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Rescues and Shepherding

This past weekend was a fair amount of rescues and instruction. On Saturday I taught a small rescue class at my club. 

It was small because, I think, the weekend before was pretty intense – the boathouse was in use nearly twenty-four full hours. People needed time off. Also, I gave short notice – just a couple of weeks – grabbing an increasingly rare open slot on my summer paddling calendar. Altogether I only had three students – which made it a cozy class!

This was good, because I was trying something new – a hybrid class on shepherding and rescues. I’ve decided this doesn’t work, at least not for a day class. Even at three students I had to shortshrift both topics. I’ll have dedicated sessions for each from now on.

I started with shepherding. I like that term better than trip leading, because I’ve seen too many people take trip leading into trip¬†bossing. Shepherding also connotes the actual responsibility of any journey: these are your charges, and you are responsible. Put another way, one of my coaches with a police background used a phrase from that part of his life: there are wolves, and there are sheep. A shepherd’s guide is to protect the sheep – although most of the time the ‘wolves’ are the elements – wind, water, etc.¬†

So we talked about CLAP (Communication, Line of Sight, Avoidance, and Position of maximum effectiveness). I used some simple props in the class to talk about various scenarios: what positioning would work, how to communicate and hand off problems or potential problems, and so on. One of my students is keen on radio communications, which are often impractical for paddling since you need two hands to paddle and one to use the radio. Line of sight, group awareness, and environmental awareness are more valuable than a radio in most situations.

Then, I handed out random secret roles and we went on a little journey, where each of the students was a trip leader in turn, with a different problem to manage. We had the fast paddler, the lost paddler, and the sick paddler. The last of these was so convincing that the trip leader though he was actually sick! We paddled north from Inwood into the Harlem river, coming back as the tide turned against us. I demonstrated belt tows and contact tows, including hand-on-deckline tows. I had the students try these as well.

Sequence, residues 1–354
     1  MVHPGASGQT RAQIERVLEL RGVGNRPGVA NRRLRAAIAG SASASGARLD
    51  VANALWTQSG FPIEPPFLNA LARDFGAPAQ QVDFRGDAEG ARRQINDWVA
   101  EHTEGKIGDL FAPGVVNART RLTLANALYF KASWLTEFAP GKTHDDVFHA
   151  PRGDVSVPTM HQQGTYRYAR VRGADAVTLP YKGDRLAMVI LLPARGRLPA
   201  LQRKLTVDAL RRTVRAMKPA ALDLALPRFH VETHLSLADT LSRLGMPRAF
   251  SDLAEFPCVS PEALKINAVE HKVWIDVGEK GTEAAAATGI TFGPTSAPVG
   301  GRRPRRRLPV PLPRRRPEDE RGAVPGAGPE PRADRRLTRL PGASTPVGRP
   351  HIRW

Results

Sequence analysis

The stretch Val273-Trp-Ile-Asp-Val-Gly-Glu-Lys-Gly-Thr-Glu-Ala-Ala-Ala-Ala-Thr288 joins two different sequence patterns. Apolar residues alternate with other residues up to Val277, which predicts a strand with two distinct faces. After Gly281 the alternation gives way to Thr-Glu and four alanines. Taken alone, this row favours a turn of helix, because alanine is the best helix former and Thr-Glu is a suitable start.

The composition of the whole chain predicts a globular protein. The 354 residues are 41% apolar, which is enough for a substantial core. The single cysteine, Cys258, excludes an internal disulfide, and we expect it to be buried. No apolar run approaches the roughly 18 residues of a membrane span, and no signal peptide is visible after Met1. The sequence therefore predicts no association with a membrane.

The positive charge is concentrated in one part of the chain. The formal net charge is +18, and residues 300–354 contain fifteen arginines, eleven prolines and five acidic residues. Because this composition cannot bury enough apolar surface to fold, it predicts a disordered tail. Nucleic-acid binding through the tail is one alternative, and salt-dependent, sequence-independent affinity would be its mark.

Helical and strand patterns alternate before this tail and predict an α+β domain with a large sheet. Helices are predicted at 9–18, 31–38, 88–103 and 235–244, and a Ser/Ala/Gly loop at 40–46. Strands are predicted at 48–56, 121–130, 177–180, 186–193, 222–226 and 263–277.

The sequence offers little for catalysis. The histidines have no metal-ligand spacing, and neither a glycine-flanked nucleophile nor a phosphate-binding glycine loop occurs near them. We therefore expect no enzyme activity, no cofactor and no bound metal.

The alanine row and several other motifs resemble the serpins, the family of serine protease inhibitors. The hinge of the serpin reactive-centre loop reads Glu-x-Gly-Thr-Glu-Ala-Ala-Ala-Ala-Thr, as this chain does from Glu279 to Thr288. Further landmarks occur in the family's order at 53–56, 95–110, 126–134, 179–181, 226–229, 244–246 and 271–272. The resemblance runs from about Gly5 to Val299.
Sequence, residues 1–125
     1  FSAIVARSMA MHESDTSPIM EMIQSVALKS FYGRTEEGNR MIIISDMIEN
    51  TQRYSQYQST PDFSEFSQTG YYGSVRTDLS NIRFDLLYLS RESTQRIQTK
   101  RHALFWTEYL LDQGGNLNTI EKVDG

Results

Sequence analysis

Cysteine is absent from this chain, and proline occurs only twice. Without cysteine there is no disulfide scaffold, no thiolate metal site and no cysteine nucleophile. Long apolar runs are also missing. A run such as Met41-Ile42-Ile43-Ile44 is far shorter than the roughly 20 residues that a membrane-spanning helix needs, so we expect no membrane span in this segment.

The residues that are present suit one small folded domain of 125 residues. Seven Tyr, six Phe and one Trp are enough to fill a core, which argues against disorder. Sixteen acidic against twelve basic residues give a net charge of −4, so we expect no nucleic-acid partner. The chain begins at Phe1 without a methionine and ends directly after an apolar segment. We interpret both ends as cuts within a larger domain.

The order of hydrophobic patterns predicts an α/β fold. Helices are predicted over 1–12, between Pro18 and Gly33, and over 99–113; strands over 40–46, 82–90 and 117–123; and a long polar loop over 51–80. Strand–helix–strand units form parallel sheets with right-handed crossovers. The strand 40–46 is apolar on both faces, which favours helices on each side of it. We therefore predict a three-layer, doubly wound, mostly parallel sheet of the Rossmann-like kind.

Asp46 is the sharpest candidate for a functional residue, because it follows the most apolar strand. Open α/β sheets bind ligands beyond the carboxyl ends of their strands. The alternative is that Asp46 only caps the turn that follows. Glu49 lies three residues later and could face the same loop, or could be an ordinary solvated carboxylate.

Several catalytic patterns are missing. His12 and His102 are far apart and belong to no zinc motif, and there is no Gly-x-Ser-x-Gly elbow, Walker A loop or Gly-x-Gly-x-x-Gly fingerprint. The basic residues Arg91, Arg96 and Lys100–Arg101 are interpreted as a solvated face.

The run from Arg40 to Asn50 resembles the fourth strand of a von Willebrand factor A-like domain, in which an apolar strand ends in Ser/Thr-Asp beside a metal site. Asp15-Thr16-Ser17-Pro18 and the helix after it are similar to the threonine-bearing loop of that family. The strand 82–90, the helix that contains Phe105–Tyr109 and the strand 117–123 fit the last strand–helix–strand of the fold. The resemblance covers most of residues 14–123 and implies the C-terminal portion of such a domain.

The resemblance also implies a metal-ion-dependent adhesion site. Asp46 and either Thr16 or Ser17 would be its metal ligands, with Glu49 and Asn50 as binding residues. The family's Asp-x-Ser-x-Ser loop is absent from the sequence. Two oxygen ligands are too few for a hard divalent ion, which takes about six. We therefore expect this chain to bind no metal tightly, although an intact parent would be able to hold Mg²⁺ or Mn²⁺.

Then, we did rescues. I started with balance exercises – sit legs out, then on the back deck, paddle around a bit, then get back in. Then we did scramble exercises: only one had trouble, and the rest commented on how a scramble was much easier than expected. 

We relocated to the north side of the river, which worked well in terms of depth and being very sheltered from the current, as well as from river traffic. A Circle Line boat roared past us, creating little relative wake, and we had the depth we needed to capsize and rescue. We did paddle float rescues, both back deck and heel hook, and after one student had trouble securing her paddle, I demonstrated holding it against the coaming and using weight to help keep it secure.

With that, we ended the morning session, and two of them left for the day. After lunch, I worked with the remaining student on various eskimo rescues. What was interesting with her was how turned round she would get. She would find her stability (my boat or my paddle)and somehow reach for it behind her, practically somersaulting the boat length-wise in the process. I got her to get her support in front of her, and also to use her hip flick more.

The best part for me was, near the end, I had her spot me on my own work – and I finally got a re-entry and roll. It needs work, but at least I know for certain that I can do it.

Published in 2014 Backpaddle Inwood Inwood Canoe Club New York NYC

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